# O(1) minimum in a changing fixed size array

I have an array with 32 numbers. Initially, every number is 0, although it's probably not important.

At any time I can change one number in this array.

I want to quickly find the minimum value and its index after such an update. Is there a way to do it in O(1) time?

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You can log what you want simultaneously when you change the numbers in the array? –  irrelephant Aug 15 '12 at 10:03
almost everything you do on an array of size 32 is `O(1)`. Linear scan requires 32 comparisons, which is in `O(1)` –  amit Aug 15 '12 at 10:04
@amit The size of the array does not matter in deciding if the algorithm is O(1) or not. Linear scan on an array with 32 values is not O(1). –  user16367 Aug 15 '12 at 10:11
@user16367: It is. O(1) = constant number of ops. If the array is of size 32 (or any fixed size for the matter), the number of ops is indeed constant (Think of it this way: you can replace the linear scan with a chained if conditions instead of a loop: `if (arr[0] < min), if (arr[1] < min) , ... if (arr[31] < min)` –  amit Aug 15 '12 at 10:13
A min-heap comes to mind, but for an array with such a tiny constant size I would bet that you are probably better off with a naive linear scan since the constant is smaller and the compiler will probably optimize it into e.g. a jump table. It also depends a bit on which (if any) of the operations is more frequent: modification or finding the minimum. –  smocking Aug 15 '12 at 16:59

almost everything you do on an array of size 32 is `O(1)`. Linear scan requires 32 comparisons, which is in `O(1)`

O(1) = constant number of ops. If the array is of size 32 (or any fixed size for the matter), the number of ops is indeed constant (Think of it this way: you can replace the linear scan with a chained if conditions instead of a loop:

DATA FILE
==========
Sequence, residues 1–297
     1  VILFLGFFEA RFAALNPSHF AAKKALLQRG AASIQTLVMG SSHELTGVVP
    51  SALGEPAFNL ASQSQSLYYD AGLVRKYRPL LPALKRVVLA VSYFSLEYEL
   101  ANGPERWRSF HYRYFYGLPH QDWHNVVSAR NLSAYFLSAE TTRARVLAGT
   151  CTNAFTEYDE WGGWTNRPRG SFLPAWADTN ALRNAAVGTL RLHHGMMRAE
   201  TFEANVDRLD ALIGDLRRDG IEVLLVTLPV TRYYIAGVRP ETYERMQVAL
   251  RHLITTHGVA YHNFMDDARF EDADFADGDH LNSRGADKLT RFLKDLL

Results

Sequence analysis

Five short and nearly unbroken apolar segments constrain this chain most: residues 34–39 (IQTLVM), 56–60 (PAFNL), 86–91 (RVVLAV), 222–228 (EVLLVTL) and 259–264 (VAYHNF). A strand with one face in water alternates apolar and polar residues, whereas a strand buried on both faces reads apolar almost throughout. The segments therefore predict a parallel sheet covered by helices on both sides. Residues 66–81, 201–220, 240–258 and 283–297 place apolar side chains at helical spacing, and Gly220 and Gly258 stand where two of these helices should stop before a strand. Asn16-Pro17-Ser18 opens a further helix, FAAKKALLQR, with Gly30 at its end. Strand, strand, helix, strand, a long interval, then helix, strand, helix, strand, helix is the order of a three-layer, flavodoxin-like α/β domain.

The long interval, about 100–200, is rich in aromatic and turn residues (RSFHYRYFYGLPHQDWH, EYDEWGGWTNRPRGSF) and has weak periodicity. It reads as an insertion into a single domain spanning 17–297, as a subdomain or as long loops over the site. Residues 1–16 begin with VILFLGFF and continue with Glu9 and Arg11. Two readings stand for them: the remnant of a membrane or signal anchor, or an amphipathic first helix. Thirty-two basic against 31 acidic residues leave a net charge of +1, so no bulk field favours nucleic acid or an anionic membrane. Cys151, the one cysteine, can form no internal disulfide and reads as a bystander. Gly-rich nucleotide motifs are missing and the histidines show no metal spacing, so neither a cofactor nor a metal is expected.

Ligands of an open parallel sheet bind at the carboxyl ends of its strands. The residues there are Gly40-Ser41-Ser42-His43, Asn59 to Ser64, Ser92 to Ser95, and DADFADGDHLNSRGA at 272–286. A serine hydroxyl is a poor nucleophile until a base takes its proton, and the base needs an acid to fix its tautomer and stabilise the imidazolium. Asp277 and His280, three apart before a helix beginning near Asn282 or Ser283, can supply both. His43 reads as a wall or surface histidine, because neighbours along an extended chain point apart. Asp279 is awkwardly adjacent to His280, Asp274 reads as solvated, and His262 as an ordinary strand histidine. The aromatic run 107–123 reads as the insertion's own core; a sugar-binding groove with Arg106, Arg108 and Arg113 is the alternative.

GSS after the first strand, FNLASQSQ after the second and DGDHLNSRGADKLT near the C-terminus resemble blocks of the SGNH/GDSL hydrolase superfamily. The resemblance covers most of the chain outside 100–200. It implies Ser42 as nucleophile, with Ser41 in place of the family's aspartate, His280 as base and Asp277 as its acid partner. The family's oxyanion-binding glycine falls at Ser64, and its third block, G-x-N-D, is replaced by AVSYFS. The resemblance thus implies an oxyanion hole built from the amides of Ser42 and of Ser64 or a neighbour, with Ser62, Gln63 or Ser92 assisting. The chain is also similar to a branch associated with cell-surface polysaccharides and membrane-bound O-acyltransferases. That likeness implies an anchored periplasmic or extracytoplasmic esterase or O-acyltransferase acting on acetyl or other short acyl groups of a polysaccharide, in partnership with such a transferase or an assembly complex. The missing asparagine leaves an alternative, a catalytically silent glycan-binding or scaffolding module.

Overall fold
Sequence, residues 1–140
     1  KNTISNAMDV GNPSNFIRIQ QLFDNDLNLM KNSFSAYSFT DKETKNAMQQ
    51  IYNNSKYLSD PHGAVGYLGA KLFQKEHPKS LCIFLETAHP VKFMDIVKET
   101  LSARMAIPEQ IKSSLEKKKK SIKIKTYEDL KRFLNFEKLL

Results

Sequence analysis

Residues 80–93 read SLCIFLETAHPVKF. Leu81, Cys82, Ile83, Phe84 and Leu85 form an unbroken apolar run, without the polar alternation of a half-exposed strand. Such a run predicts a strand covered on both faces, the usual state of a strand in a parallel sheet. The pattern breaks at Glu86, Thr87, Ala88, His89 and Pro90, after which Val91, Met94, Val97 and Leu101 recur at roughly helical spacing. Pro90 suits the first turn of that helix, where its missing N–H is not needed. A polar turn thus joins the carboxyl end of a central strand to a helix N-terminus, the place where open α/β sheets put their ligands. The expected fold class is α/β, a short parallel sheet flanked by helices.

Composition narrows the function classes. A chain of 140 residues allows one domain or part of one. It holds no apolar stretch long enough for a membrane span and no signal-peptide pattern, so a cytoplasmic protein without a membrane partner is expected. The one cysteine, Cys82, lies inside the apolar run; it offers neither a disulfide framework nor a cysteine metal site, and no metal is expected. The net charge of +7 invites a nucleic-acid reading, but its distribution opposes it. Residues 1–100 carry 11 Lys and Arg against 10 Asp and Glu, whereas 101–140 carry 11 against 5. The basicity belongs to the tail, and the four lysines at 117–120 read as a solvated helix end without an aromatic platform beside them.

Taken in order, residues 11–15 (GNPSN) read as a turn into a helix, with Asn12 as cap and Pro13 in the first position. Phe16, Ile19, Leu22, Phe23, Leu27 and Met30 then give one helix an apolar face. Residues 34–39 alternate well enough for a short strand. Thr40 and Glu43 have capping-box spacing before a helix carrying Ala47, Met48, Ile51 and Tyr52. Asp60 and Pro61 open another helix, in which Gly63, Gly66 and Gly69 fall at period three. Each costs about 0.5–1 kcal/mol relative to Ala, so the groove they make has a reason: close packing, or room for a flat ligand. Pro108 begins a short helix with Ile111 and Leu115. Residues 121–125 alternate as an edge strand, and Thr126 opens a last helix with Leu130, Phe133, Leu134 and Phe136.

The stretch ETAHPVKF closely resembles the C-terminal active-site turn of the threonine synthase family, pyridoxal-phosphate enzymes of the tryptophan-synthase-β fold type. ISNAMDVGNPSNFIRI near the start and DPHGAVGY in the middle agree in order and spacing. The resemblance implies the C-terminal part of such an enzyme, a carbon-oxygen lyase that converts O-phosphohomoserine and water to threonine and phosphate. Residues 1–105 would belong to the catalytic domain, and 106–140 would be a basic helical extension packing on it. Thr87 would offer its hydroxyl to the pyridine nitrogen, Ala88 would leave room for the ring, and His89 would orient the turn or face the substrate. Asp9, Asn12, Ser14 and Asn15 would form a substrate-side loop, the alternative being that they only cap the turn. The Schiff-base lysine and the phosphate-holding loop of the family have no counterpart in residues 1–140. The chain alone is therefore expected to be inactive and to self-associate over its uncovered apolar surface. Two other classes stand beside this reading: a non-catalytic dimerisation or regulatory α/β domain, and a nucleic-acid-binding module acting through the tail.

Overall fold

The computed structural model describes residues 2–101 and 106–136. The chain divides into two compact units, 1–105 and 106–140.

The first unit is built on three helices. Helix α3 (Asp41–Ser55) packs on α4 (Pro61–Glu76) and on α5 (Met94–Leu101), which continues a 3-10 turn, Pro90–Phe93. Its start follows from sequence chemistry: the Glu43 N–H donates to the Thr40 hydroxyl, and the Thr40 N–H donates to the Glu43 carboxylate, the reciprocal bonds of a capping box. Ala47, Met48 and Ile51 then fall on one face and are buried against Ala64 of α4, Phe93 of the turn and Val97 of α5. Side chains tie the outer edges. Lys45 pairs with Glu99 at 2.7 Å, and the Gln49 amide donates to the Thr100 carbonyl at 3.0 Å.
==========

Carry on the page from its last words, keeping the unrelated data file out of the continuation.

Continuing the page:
`if (arr[0] < min), if (arr[1] < min) , ... if (arr[31] < min)`

For the thrill of it, regarding the general case for an array of size `n`, it is not possible with compare based algorithms.
If it was, we could sort in `O(n)` using comparisons based algorithm:

``````given an array A:
max <- max(A)
build an empty data structure as desired let it be `S`.
for each element of A - insert it into S in a different index.
while (S.min() <= max):
idx <- S.findminIndex()
print S.min()
S.update(idx,max+1)
``````

Assuming each op in the above algorithm is `O(1)`, and the loop iterates `n` times, your algorithm sorts A in `O(n)` - which cannot be done, since comparations based sorting are proved to be `Omega(nlogn)` problem

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Sadly, I think this makes sense, that it's impossible to do. –  user16367 Aug 15 '12 at 10:27
I would disagree with your terminology but I see your point. The big Oh notation is about considering how running time/space changes with the problem size. In this case for an array of size n a linear scan requires O(n) operations. For a given n it would be constant as you have pointed out. –  brain Aug 15 '12 at 10:29
last upvoter (and @user16367): It was my 1000th upvote on algorithms. I am expected to get the algorithms golden badge thanks to it tomorrow, and be the 2nd ever SO user to earn it. thanks! :) –  amit Aug 15 '12 at 10:42
Congratulations :) –  hvd Aug 15 '12 at 10:49
I'll reword my previous comment to fit the question: for everything you can do on a fixed-length array of fixed-size numbers that takes no other input, if it finishes, it's O(1). I think it's correct like that, or did I miss anything else? –  hvd Aug 15 '12 at 10:52

I can't offer an O(1) algorithm, may be one good way is using min heap, to do your updates in `O(log n)` and do find minimum in `O(1)`. min heap for small size array is fast enough and you performance in update is negligible.

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Yes, this would be my last resort. –  user16367 Aug 15 '12 at 10:20
And I doubt that if you could find better option when there is no restriction in your inputs, also take care `log n` is too small and is better than too many of linear algorithms with large constant factor. –  Saeed Amiri Aug 15 '12 at 10:22